by Judyta Patla, MBA
My exchange semester proved to be one of the most exciting chapters of my life. I want to share my thoughts on the experience and talk about how my exchange stacked up against my biggest fears: surviving the 601, finding a job while abroad, and missing out on all things Schulich for a full semester.
While the idea of going on exchange had always been appealing to me, my decision to go was initially not an easy one. At the time that I applied to go on exchange, I was a part-time Schulich student with a full-time job. From a rational perspective, leaving my job to pursue full-time studies and live in another country was difficult to justify and left me with a number of doubts:
Would I be able to learn as much at another institution? How would I get a job? How could I possibly do a 601 while out of the country? … (And to a lesser extent): Do I really want to miss out on Schulympics?
Reflecting back on my decision to go, I’m so glad I let go of these doubts. My exchange semester was without question one of the most incredible and defining experiences of my life. It gave me a chance to broaden my perspectives both academically and personally and left me with so many amazing memories and meaningful friendships with people from all over the world.
While it is difficult to miss out on a term at Schulich (and all the culture crawls, socials, and networking events that come with it), the exchange opportunity will give you a chance to supplement your education with a term at another exceptional and internationally recognized MBA program. I have personally found this diverse academic perspective to be an asset in my job search. This will help set you apart from your fellow classmates and will also broaden your global professional networks.
I was fortunate enough to get the chance to go to ESADE Business School in Barcelona, one of the top MBA programs in Europe. I was truly amazed by the caliber and diversity of both the full-time students and the exchange students. There were 38 different countries represented in the full-time student class and my fellow exchange students came from some of the top MBA programs in the world such as Haas Business School at UC Berkeley, and NYU Stern. I also got a lot out of the European and international cases that were used as part of the curriculum and I felt that this allowed me to develop a truly global business perspective. This was also helped by the fact that the school made use of many visiting Professors from top international institutions such as London Business School and numerous guest speakers from global companies such as Google, Booking.com, and Hailo. Guest lecturers seem to be a mainstay of European business education and I was really amazed with how many speakers were integrated into the curriculum.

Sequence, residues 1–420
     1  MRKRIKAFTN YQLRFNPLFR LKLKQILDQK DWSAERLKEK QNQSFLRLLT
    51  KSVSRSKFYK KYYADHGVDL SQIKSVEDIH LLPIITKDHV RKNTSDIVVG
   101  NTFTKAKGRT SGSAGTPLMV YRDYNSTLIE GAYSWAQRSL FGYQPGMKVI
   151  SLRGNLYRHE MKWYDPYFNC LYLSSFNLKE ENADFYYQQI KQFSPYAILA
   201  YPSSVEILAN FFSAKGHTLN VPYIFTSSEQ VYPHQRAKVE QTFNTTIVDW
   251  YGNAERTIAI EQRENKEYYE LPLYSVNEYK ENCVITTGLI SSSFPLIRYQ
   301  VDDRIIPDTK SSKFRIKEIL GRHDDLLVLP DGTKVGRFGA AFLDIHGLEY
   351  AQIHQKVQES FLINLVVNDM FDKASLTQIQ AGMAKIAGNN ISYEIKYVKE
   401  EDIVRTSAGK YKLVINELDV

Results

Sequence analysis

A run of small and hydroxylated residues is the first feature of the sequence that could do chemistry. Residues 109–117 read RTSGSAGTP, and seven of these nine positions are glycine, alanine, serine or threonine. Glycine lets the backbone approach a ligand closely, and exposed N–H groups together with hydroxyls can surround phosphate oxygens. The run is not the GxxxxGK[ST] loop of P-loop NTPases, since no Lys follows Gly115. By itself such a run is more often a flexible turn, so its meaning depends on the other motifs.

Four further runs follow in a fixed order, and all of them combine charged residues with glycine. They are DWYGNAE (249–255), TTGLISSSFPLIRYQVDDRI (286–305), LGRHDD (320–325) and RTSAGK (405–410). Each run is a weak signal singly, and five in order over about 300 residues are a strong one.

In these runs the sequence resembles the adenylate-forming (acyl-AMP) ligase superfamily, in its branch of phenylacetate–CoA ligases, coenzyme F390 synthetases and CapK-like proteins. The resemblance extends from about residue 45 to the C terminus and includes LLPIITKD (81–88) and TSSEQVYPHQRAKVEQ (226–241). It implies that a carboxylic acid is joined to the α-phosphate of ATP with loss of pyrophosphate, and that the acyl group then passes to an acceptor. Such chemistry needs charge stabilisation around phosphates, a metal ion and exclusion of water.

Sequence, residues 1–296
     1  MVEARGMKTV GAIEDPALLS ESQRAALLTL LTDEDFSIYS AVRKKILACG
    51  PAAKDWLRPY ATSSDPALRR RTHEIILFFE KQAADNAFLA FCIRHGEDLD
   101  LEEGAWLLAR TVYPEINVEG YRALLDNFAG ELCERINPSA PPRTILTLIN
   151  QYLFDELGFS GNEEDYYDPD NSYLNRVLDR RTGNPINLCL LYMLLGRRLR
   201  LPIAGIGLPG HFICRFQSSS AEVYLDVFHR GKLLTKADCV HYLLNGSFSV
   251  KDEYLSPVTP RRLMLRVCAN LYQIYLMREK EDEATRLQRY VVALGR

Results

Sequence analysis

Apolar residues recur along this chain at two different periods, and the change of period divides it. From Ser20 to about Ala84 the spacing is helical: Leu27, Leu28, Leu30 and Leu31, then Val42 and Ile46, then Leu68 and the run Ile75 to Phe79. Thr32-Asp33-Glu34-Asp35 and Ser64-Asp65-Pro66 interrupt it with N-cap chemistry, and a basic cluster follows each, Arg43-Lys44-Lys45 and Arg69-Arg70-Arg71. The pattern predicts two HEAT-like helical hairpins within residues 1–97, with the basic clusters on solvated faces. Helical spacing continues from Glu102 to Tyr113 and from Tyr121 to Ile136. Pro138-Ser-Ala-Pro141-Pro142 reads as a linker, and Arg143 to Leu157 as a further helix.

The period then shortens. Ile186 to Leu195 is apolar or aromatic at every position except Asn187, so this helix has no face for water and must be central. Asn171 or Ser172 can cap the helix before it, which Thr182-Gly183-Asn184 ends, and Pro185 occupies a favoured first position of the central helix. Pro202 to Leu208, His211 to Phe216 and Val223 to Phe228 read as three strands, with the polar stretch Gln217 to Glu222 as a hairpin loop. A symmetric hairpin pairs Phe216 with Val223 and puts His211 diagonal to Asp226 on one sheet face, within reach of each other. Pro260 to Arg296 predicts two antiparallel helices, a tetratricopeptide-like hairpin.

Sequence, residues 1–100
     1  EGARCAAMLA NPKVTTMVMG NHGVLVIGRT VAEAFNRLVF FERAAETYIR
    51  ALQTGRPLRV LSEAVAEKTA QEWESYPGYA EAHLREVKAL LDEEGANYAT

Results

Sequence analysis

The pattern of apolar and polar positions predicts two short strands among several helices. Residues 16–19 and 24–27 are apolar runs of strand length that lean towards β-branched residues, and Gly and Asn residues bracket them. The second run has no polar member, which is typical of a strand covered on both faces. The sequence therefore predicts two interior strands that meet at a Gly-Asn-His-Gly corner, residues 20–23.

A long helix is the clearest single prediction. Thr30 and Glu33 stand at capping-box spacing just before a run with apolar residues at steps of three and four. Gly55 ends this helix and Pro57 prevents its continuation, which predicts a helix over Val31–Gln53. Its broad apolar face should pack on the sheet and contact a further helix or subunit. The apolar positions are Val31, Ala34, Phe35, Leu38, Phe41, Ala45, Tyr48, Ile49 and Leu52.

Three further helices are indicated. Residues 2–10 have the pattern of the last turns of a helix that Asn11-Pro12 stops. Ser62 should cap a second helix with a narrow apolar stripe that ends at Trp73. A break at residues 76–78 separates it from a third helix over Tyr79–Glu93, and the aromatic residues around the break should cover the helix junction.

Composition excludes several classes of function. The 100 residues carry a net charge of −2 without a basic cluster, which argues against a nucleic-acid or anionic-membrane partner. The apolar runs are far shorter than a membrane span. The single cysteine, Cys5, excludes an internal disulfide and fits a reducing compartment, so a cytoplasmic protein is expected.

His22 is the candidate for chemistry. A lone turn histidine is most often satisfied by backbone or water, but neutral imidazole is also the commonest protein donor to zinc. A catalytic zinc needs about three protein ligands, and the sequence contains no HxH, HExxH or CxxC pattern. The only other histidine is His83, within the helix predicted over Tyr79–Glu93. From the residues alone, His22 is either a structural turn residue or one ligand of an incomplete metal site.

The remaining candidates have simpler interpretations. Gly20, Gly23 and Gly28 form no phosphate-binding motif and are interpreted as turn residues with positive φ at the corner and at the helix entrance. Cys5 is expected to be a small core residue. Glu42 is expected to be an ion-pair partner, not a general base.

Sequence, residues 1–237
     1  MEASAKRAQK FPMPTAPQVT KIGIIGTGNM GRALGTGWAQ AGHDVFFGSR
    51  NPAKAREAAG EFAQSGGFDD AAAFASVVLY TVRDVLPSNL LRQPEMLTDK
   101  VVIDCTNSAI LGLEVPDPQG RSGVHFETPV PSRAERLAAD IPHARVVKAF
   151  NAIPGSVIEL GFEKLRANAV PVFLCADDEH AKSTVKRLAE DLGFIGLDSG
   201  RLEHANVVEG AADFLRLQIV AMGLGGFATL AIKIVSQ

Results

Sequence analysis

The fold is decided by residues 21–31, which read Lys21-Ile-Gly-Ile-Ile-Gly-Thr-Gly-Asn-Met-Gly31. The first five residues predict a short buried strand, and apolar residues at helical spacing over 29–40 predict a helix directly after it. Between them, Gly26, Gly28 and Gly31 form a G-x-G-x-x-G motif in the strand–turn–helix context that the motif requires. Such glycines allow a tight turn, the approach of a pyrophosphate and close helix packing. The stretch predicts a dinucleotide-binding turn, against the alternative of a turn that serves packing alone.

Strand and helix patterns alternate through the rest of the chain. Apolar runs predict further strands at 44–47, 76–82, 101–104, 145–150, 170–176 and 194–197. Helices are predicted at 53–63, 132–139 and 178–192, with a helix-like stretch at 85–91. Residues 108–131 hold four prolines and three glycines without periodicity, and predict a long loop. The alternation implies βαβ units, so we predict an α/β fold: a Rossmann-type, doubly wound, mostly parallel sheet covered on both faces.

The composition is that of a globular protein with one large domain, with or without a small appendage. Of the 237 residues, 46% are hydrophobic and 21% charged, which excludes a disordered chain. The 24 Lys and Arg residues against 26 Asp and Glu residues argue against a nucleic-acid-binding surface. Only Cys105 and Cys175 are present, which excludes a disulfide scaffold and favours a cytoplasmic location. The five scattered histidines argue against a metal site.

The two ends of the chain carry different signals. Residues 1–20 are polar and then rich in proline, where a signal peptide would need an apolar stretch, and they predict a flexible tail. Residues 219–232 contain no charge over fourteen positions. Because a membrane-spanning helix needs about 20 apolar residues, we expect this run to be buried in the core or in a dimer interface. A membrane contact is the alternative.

“My exchange semester was without question one of the most incredible and defining experiences of my life. It gave me a chance to broaden my perspectives both academically and personally and left me with so many amazing memories and meaningful friendships with people from all over the world.”
Beyond the solid academic standards you can expect from your exchange institution, the opportunities for personal growth are amazing. You will have the chance to broaden your perspectives by deeply immersing yourself in another culture for 4 months and by travelling extensively with your fellow classmates.
Job hunting while abroad
My biggest pause about going on exchange was about how this would impact my job search. Of course, you can still apply for positions while abroad and do interviews over skype, but I couldn’t shake the feeling that I would be at a disadvantage by missing the chance to personally build up a rapport with recruiters during on-campus networking sessions and recruitment events. While these are valid concerns, keep in mind that you typically have about 8 months’ notice before you leave for your exchange semester. This leaves you with a lot of time to network and make connections with potential employers ahead of your departure. Instead of waiting for the career fair, get proactive and create your own opportunities ahead of your departure – job shadow, go to industry mixers, leverage your network and make the connections you need at your companies of interest.